The Russian People and the War

Article written by: Francisca Pereira
Article translated by: Laura Montebello

More than a year has passed since Russia’s invasion of Ukraine, beginning on February 24th, 2022 it’s estimated that already hundreds of thousands of Russians have left Russia due to growing instability. Here I take a look at the impact of the war on the Russian people and its consequences.

In Russia there is a “paternalistic” society where nepotism, corruption and a weak rule of law are observed. Political actors are not institutions, but rather knowledge networks that are regulated by a personal exchange of rewards and punishments. Russians, in general, are usually disconnected from politics and doubt their own abilities to understand it.

It’s not easy to say whether the Russian people are in favor of the war or believe in the propaganda disseminated by the Kremlin since the polls carried out in Russia are possibly biased. But not all of society, with different age groups and from different regions, will be affected in the same way by propaganda. The elderly population, and especially those living in less urbanized areas, receive most of their information via television, which the content is practically all controlled by the State. But propaganda is also broadcast through social media and educational institutions. And even those who have access to alternative sources of information may find it difficult to believe them, since they have been exposed to propaganda through different media and the alternative explanations do not match what they think they already know.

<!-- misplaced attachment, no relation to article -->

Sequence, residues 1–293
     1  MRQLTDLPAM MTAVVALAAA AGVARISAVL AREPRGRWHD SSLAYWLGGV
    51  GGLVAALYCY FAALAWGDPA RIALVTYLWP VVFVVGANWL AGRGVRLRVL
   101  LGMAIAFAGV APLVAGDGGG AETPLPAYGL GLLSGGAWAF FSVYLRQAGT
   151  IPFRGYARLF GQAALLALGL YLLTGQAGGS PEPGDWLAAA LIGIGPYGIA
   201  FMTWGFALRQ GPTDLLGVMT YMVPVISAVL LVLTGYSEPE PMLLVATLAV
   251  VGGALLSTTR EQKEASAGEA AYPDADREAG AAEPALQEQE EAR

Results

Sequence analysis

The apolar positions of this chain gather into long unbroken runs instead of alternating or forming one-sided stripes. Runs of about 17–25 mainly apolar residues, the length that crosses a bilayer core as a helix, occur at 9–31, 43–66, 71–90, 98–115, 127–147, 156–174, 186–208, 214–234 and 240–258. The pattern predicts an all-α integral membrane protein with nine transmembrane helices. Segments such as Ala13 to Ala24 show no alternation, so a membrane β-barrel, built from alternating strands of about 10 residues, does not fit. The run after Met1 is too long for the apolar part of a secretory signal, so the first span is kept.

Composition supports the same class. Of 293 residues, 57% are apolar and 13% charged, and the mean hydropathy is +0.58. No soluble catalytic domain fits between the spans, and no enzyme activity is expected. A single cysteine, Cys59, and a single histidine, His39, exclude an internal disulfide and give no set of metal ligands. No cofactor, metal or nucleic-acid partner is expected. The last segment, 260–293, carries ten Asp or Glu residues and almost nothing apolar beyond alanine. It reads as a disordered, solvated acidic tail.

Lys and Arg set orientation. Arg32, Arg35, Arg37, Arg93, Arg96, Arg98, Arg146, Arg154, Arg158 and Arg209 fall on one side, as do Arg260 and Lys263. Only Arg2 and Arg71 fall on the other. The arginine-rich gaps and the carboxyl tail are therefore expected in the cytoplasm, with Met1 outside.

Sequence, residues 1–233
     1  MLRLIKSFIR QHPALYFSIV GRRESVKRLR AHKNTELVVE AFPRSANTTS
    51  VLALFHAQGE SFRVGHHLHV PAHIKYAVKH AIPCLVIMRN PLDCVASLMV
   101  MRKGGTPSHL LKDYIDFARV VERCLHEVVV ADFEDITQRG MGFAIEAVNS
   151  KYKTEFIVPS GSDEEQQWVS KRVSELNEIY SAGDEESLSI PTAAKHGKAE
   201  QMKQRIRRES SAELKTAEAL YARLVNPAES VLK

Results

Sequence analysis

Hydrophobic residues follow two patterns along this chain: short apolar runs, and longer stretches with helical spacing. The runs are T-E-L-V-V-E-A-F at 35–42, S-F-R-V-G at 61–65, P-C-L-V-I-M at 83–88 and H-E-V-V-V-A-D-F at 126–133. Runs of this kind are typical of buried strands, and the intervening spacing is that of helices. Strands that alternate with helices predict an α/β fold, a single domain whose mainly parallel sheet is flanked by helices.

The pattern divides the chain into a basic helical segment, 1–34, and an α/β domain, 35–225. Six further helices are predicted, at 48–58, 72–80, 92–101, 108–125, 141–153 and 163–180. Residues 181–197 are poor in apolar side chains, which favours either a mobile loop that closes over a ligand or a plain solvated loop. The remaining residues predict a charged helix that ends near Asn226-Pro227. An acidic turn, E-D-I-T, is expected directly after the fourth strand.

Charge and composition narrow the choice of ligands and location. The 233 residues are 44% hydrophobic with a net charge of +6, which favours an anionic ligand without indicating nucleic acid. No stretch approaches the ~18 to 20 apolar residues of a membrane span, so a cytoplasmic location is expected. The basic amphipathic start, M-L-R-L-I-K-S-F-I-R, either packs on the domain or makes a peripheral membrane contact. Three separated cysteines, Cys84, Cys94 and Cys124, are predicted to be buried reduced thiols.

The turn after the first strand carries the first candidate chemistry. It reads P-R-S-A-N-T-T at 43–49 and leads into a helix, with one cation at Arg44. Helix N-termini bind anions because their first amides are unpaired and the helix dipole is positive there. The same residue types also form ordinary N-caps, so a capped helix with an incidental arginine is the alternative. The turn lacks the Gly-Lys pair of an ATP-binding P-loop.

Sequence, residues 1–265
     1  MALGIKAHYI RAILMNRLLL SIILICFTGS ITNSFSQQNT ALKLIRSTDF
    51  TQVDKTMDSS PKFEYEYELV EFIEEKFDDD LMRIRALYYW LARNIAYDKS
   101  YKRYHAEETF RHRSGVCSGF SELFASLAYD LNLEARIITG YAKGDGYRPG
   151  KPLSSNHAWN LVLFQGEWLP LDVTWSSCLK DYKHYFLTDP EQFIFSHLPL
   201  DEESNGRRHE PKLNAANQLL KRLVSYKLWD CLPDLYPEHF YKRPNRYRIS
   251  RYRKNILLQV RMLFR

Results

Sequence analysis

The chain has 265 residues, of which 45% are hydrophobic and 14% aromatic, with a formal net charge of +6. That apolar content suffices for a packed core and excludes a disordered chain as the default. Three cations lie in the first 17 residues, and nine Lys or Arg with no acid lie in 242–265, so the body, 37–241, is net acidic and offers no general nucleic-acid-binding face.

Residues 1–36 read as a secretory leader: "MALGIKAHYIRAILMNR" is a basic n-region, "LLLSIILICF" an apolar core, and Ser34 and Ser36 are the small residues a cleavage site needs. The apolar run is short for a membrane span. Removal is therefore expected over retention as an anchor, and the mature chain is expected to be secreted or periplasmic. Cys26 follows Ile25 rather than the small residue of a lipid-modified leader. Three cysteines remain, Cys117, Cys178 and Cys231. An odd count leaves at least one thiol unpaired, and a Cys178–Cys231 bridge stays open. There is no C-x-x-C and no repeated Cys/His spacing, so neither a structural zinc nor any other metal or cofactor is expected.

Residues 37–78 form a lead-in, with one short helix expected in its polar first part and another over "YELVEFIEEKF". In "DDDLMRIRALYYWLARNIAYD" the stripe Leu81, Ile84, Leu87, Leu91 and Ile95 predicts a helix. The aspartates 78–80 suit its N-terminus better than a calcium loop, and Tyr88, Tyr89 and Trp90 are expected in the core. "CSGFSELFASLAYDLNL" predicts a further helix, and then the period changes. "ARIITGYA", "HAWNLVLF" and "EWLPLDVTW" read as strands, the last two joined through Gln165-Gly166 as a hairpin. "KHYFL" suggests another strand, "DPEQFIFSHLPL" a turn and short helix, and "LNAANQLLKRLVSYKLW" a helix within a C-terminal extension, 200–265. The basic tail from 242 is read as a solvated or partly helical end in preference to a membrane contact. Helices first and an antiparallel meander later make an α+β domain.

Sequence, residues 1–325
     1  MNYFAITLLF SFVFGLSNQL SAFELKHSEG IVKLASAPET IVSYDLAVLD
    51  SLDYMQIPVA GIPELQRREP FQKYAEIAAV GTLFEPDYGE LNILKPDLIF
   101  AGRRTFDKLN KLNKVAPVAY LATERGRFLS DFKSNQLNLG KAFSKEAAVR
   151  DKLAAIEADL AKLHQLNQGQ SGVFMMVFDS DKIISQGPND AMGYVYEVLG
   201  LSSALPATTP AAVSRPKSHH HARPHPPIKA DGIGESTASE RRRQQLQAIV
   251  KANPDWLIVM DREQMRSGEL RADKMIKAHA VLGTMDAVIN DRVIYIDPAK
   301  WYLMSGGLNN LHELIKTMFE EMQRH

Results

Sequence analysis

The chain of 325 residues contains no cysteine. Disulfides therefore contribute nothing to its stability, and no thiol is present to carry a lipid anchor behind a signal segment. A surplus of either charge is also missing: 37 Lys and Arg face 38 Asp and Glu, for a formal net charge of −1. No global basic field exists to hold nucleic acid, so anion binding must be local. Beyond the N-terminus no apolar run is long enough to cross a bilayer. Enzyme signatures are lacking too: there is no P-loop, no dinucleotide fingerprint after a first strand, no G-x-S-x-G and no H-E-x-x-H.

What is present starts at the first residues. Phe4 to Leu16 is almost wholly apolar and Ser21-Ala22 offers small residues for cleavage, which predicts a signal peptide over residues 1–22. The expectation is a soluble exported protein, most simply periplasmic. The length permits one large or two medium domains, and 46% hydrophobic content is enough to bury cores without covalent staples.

Contrary to the predictions of many experts, the sanctions imposed on Russia have not led to an economic collapse. According to polls conducted last fall, many Russians believed they were better off economically than before the war began. The economy contracted by 2.1% in 2022, less than expected and the International Monetary Fund expects positive growth of 0.3% for the year 2023.

The truth is that the Russian economy was already prepared for sanctions before the conflict started and the Russian central bank managed to stabilize the ruble in the first year of the war. At the same time, trade ties with countries such as India, China and Turkey have allowed the flow of products and commodities to be restored. But the main reason for resistance to sanctions is that Russia can sell oil products, which before the war were the main source of income.

However, when two countries go to war, it’s expected that nationals will be more affectionate and satisfied with the respective State, which explains the high level of optimism despite the sanctions. There’s also the possibility that people responding to the polls may not be honest due to their fear of punishment for public criticism, given that tens of thousands have already been arrested for protesting against the war. Furthermore, the Kremlin has ceased to provide public access to economic data.